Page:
4. Started writing the WebSocket polyfill straight from JavaScript, which involved creating the Native delegate and calling a callback when these events happened.

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  1. Made small adjustments related to data types and converted them to JavaScript types when needed.

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And the remaining implementations were just a case of translating Objective-C to TypeScript:

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One critical detail to remember about JavaScript while handling any platform API is that it’s single-threaded. Blocking calls will block the main thread, which is the reason we needed a native implementation on iOS. The iOS native implementation is responsible for receiving the calls, doing work on other threads, and then returning back to the main thread.

On the Android side, React Native uses OkHttp for its WebSockets, which already handles all the threading details, so we needed no native code at all! All we did here was translate the Java implementation to JavaScript. However, we could have used the .java "as-is" as well, which is where NativeScript is endlessly versatile (you have the choice), so we just decided to use TypeScript here.

Another interesting detail with NativeScript is the sheer reduction in code to manage - originally this code was over 400 lines: WebSocket module. And we were able to transform this into under 150 lines of easy to read JavaScript code. Below you can see a comparison between the original code for WebSocket module in Java and in NativeScript:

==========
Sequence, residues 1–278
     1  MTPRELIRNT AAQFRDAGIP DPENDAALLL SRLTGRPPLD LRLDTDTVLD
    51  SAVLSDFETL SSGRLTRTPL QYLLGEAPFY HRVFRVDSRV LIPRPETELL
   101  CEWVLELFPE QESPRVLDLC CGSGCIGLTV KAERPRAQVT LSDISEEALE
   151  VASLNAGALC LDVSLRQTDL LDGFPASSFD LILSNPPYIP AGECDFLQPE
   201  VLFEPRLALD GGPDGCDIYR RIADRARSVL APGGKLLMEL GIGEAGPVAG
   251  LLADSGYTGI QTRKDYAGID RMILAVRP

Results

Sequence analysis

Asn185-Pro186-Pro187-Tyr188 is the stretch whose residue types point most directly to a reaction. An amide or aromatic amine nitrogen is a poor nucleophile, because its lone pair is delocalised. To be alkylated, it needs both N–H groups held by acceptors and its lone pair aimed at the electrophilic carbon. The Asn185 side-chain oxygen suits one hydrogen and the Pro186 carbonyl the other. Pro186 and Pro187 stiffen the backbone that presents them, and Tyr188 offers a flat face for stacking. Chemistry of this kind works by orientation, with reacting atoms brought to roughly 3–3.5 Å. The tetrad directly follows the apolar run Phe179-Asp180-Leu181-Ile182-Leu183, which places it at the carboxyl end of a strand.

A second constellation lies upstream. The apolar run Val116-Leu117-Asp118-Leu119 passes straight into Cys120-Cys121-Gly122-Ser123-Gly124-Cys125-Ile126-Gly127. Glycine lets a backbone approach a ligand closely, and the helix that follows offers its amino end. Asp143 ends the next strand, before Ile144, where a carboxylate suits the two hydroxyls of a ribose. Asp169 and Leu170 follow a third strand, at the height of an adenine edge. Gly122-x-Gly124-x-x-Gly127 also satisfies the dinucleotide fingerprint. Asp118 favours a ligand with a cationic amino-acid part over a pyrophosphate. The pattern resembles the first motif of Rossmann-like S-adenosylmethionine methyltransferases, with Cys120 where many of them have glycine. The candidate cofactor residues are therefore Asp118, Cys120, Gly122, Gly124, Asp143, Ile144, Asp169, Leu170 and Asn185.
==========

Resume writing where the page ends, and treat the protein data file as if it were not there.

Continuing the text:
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A couple of conversions were needed for binary data. In React Native, binary data is converted to a base64 string in JavaScript and converted back to binary on send:

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In NativeScript, we are able to manipulate native types directly, so we can do a simple conversion:

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The same adjustments made to convert NSData to ArrayBuffer were needed for Android, but since Android doesn’t have a helper for it, we converted from ByteString:

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And that’s it! We now have a nice API for WebSockets for both iOS and Android platforms with a well defined interface:

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Then it was just a matter of wiring up a simple WebSocket polyfill.

Not to compete, but evolve and excel

In conclusion, we want to underline that it is part of our mission as a company and engineers individually to contribute to open-source technologies and make them even better. This way, we can provide developers from around the world with more flexible and responsible options to build software products and overcome their daily challenges. Also, NativeScript is in no way competing with other JS frameworks and on the contrary can be applied in combination with other technologies, for example inside Capacitor by Ionic.

Finally, we admire the quality with which WebSockets polyfill was implemented in React Native. The code structure with minimum dependencies allowed us to use it with NativeScript quite effortlessly.